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I was working as a palliative care nurse when I found out I had secondary breast cancer

Rachel, a married mum of three, was diagnosed with secondary (metastatic) breast cancer in 2018. She tells us about her experience of living with the disease and the impact it has on her life.

Rachel, a married mum of three, was diagnosed with secondary (metastatic) breast cancer in 2018. She tells us about her experience of living with the disease and the impact it has on her life.

I was working my dream job before diagnosis

I qualified as a nurse back in 1993 and, up until this year, was working as a palliative care specialist nurse in the community. Since my student nurse days, this had been my dream role.

Back in October 2018, age 46, I eventually had an MRI scan of my left shoulder after being treated for terrible nerve pain in my left collarbone for nine months. This nerve pain had initially been treated as a strain or injury. My husband and I were called into the GP surgery to discuss the results. The MRI showed nothing in my collarbone area but, by chance, the scan picked up a suspicious area just above the breastbone.  

At that point, mine and my husband’s world just evaporated; we sat holding our breath, feeling like we had just been hit by a truck.

From that moment, there were endless scans and tests to find out what had caused this potential cancer. Within a few weeks (which felt like a few months), I was diagnosed with a small HER2 positive lump in my left breast. This lump had been busy spreading to my bones.

This wasn’t what I’d planned

I was diagnosed with primary and secondary breast cancer in one fell swoop. I never had the chance to absorb having primary breast cancer, let alone secondary breast cancer. As the monopoly game goes, I felt I had been told to ‘go straight to jail and do not pass go’ in one consultation. 

I was very much aware of secondary cancer, signs, symptoms and areas where certain cancers tend to spread to because of my current role as a palliative care nurse. But, other than a consistent pain and fatigue (And what full-time working mother doesn’t feel fatigued?), I had no clue I was going to receive such a life changing and paralysing diagnosis - this wasn’t what I had planned.

There are people who can and do help

I was used to giving care and support to people who were facing uncertainties, worries and anxieties. I thought and believed I gave this support to the best of my ability, but I was suddenly on the other side of the fence and doubting myself.

How could anyone possibly give the support needed when facing what I was now facing without ever experiencing the hurt, anguish, fear, uncertainty first hand?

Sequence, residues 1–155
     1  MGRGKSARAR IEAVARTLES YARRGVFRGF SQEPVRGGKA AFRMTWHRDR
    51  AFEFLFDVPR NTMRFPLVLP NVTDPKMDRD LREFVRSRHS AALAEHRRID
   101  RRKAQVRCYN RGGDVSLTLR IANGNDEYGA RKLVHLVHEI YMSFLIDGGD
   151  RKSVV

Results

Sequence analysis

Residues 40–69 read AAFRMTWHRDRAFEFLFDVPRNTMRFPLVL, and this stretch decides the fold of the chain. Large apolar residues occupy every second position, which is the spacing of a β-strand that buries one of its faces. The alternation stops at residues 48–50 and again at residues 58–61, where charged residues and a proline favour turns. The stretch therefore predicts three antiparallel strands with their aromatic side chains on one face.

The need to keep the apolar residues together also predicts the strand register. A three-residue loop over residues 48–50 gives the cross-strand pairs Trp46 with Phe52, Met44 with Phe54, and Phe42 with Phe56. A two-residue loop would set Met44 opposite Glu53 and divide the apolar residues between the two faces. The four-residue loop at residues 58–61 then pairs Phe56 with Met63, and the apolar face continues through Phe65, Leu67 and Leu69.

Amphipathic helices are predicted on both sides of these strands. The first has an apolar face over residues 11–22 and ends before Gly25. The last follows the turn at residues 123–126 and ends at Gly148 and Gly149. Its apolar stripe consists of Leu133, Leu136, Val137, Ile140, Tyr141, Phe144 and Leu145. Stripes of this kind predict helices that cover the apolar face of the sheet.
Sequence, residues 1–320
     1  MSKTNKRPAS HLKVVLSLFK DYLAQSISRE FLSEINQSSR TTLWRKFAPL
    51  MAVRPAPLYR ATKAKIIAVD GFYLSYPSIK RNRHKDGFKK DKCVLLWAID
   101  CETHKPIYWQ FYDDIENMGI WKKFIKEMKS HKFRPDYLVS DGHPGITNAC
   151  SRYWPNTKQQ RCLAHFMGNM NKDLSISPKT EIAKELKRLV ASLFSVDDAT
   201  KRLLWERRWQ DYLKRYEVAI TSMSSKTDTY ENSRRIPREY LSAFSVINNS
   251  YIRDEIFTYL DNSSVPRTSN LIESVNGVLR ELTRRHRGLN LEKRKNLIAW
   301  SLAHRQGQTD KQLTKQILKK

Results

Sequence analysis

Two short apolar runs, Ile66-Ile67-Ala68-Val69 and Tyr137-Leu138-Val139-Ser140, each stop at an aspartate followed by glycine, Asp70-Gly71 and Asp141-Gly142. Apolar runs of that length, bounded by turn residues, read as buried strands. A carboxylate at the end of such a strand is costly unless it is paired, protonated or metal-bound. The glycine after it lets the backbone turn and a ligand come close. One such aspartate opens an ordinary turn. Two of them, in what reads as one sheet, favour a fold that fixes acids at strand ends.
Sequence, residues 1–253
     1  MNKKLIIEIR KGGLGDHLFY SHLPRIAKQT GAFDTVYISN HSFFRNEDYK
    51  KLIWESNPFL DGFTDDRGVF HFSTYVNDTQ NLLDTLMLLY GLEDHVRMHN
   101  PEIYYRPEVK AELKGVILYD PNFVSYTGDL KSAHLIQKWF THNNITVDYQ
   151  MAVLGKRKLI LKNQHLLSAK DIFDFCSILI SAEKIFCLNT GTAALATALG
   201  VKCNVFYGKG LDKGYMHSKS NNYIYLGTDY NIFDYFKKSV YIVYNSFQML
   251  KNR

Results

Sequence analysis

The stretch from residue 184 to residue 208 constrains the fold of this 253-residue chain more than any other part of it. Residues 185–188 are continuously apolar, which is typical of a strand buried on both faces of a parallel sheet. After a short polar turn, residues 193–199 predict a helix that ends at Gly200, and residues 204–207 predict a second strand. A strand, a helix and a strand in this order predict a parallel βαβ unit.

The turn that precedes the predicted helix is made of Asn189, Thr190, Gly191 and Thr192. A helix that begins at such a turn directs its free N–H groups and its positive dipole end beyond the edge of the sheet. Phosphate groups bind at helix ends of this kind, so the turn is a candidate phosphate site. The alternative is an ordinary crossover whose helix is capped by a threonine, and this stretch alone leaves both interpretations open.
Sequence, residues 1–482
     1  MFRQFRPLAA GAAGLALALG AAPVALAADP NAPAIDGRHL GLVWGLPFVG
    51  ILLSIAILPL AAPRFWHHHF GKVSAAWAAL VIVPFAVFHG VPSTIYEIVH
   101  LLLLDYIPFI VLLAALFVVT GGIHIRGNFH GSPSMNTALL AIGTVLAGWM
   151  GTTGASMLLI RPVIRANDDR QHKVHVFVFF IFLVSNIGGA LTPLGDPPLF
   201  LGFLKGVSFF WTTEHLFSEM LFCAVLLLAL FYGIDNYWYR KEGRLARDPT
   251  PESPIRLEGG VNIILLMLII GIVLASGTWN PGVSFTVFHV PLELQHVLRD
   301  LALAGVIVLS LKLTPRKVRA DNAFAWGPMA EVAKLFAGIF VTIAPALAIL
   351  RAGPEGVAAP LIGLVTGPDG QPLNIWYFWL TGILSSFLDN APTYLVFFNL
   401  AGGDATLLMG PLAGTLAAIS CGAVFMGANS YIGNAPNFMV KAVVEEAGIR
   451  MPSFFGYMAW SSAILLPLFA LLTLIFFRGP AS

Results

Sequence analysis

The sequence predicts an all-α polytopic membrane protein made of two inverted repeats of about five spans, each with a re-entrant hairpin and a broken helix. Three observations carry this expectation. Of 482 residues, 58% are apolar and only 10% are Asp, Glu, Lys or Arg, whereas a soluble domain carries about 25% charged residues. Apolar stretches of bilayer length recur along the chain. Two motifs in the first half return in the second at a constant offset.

Happily, I can say to some extent I was wrong - there are people who can and do help. I have a fantastic secondary breast care nurse and team who are on the end of a phone and listen to and deal with my concerns, questions and tears. I have a great team in the chemotherapy clinic and have complete trust and faith in the expertise of my oncologist. 

Unfortunately, COVID-19 has played a major role in challenging and changing the kind of support available.

My husband always came to my cancer treatments and my consultations with my oncologist. He’s like my buffer and takes in information that I sometimes don’t. Since the pandemic began, I have my treatments on my own and my oncology consultations are via telephone. He has expressed that he feels ‘left out’ and not ‘as connected’ with what’s going on. And, at times I find it a challenge and a strain being the sole communicator, having to feed the information back.

But hopefully this will soon change with face-to-face meetings of my secondary breast cancer support group and the distraction of going out and seeing my friends.

I don’t take life for granted

I don’t ever think anyone can understand the physical and emotional pain and the inner strength that you must find within yourself to ‘carry on’ until you’ve faced such life-changing circumstances.

I used to think people who don’t have to face daily challenges of secondary breast cancer were ‘lucky’, and on bad days I still do. But I also accept I am on a different path to other people.

I think and believe I am walking this path with my eyes open wider, seeing and feeling so much more around me than those people who take life for granted. Consequently, I am more grateful for what I have and what I can do, rather than taking life, things and people for granted.

Maybe if I was still working as a palliative care specialist nurse I would be better in my role because of my experience; I could give more empathy and understanding to patients.

I think I also deal with things differently because of my health background and being in the know but, sadly, this also works as a negative for me. I now find it far too difficult and painful to continue in my role as a nurse. Life is now about my husband and my children and trying to make memories and moments.

 

We are sharing the voices of women with secondary breast cancer as part of our Unsurvivors campaign, which highlights that 11,500 people still die from breast cancer every year in the UK. We’re demanding urgent change so that everyone with secondary breast cancer can live well for as long as possible. Until we're seen. Until we're heard.

If you have any questions or concerns about secondary breast cancer, you can call our Helpline on 0808 800 6000.

 

To find out more about the signs and symptoms of secondary breast cancer, visit our information pages.

Secondary breast cancer

 

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